HOW TO PASS THE 11+ KENT TEST: NON-VERBAL REASONING
The Kent Test is fast becoming known for its challenges. Kent, unlike other UK counties, uses its own tests for students who wish to enter Grammar school. Many students find one part in particular challenging, the non-verbal reasoning. This expert guide provides a breakdown of each non-verbal reasoning question type and plenty of mock-test style practice questions.
This is the UK’s leading specific Kent Test revision guide.
EVERYTHING YOU NEED TO IMPROVE YOUR NON-VERBAL REASONING SKILLS
The Kent Test is used for children who would like to apply for a placement at a grammar school, situated in Kent. Non-Verbal Reasoning tests are used to assess pupil’s ability to recognise shape patterns and relationships, and therefore improve their logical and technical ability to look visually at something, and see abstract shapes.
This revision guide is ideal for pupils who wish to secure high grades on the Non-Verbal Reasoning part of the 11+ Kent Test.
THE KENT TEST
In the last year of primary school (Year 6), some pupils will opt to take the 11+ assessment. The eleven plus test is an assessment used by grammar schools to determine whether pupils are ‘right’ for a placement at their secondary school.
In Kent, this 11+ assessment is referred to as the Kent Test, and anyone who wishes to apply for a grammar school in Kent, will need to sit the Kent Test.
The Kent Test contains four “disciplines”, which will be used to assess essential skills required for grammar placements. These four disciplines include:
To be in with a chance of securing a grammar placement, your child will need to score 106 or more in each of the above disciplines.
In total, your child must score a total minimum of 320.
KENT TEST NON-VERBAL REASONING GUIDE
Learn how to pass the 11+ Kent Test (Non-Verbal Reasoning) with our guide that is packed full of practice questions for your child to work through.
Whilst this guide won’t contain exactly the same questions, what this guide does offer is questions styles that mirror what your child can expect to take in the exam. Therefore, your child will be able to improve on the essential skills needed in order to pass the Kent Test assessment.
NON-VERBAL REASONING TESTS REQUIRE CREATIVITY AND PERCEPTION
PRACTICE SAMPLE QUESTIONS – NON-VERBAL REASONING ASSESSMENT
Which figure is the odd one out?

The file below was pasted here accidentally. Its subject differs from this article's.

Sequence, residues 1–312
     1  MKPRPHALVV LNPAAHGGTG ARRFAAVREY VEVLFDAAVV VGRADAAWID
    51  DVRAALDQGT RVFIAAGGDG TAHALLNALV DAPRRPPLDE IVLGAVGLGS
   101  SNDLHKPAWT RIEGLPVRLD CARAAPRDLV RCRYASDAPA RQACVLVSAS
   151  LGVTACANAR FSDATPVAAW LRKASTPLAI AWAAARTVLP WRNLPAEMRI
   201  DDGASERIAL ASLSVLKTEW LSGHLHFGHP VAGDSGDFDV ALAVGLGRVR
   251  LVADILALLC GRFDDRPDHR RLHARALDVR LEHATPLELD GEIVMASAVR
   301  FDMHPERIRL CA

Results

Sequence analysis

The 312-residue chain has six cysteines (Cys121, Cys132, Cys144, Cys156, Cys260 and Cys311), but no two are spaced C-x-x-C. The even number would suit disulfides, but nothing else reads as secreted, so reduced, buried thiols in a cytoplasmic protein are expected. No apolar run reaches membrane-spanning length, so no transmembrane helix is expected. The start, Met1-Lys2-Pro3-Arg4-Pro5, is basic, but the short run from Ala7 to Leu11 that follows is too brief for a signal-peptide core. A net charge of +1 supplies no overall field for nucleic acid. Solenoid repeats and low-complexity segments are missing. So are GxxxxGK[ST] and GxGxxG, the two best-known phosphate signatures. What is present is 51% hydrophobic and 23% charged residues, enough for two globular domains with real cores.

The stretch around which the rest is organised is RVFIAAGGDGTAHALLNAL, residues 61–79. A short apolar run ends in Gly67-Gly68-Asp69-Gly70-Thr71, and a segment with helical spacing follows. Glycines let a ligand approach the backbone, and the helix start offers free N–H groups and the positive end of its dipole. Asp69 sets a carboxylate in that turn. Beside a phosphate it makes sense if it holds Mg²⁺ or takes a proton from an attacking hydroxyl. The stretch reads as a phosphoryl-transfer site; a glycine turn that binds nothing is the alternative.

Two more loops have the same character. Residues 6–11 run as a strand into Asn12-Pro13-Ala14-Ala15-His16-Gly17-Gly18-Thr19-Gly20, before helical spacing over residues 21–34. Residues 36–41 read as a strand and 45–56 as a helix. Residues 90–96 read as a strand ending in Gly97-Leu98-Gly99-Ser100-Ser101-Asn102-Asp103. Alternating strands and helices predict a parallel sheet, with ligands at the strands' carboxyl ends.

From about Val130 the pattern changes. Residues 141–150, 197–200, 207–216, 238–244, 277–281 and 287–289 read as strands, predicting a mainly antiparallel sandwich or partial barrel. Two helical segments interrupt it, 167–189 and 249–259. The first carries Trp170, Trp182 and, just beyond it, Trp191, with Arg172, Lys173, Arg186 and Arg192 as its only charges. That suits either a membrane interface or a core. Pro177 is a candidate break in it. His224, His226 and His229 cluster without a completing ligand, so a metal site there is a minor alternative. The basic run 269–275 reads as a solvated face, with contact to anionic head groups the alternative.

What comes next in the sequence?
Which figure is the odd one out?
Which figure completes the sequence pattern?
Which of the following diagrams (A, B or C) comes next in the sequence?
Which group of shapes can be assembled to make the shape shown?
ANSWERS TO SAMPLE QUESTIONS – NON-VERBAL REASONING ASSESSMENT
Rule 1 = all the figures contain the same number of arrows as there are pentagons.
Figure D is the odd one out because all of the other figures contain an equal number of arrows as there are pentagons. Whereas in Figure D, there is only one arrow but two pentagons.
Rule 1 = The white dot starting in the bottom left corner moves two places clockwise, around the edge of the figure.
Rule 2 = The white dot starting second on the first row moves three places clockwise, around the edge of the figure.
Figure D is the odd one out because all of the other figures are rotations of one another; whereas Figure D has been manipulated. The line going through the middle of the diamond shape has been stretched out and reaches the edge of the square (it should only reach the edge of the diamond shape).
Rule 1 = the shape in the middle rotates 90° anti-clockwise as the sequence progresses.
Rule 2 = the shape in the middle alternates from black to white as the sequence progresses.
Rule 3 = the small shapes move one position to the next corner (in a clockwise manner).
Rule 4 = as the shapes rotate around, a shape is left off. You will notice, that the ‘cross’ shape appears the most, therefore this must be the beginning of this sequence, and so the last shape rotated (using the ‘cross’ to begin) will be left off.
Figure A can be ruled out because the shape in the middle needs to be white, not black. Figure B can be ruled out because the shape in the middle needs to be white, and rotated 90° anti-clockwise. Also, the small shapes do not follow the correct pattern. Figure C can be ruled out because the shape in the middle needs to be rotated 180°. Also the small shapes do not follow the correct pattern. Figure D can be ruled out because the shape in the middle needs to be rotated 90° anti-clockwise. None of the small shapes are in the correct position.
Figure A can be ruled out because the white dot third on the first row should be the second dot on the first row. Figure B can be ruled out because the white dot in the bottom right corner should be one place above it; the white dot on the first row should also be moved one place anti-clockwise. Figure D can be ruled out because the white dot on the third row should be the second dot on the first row. Also, the white dot on the second row should be moved one place clockwise.
EXPLANATION = as you can see in the first row of diagrams, the shapes are rotating 90° anti-clockwise. Therefore, the next shape in the sequence needs to be rotated 90° from the last diagram in the sequence.
EXPLANATION = only answer option B contains the correct shapes in order to make the shape that is shown.
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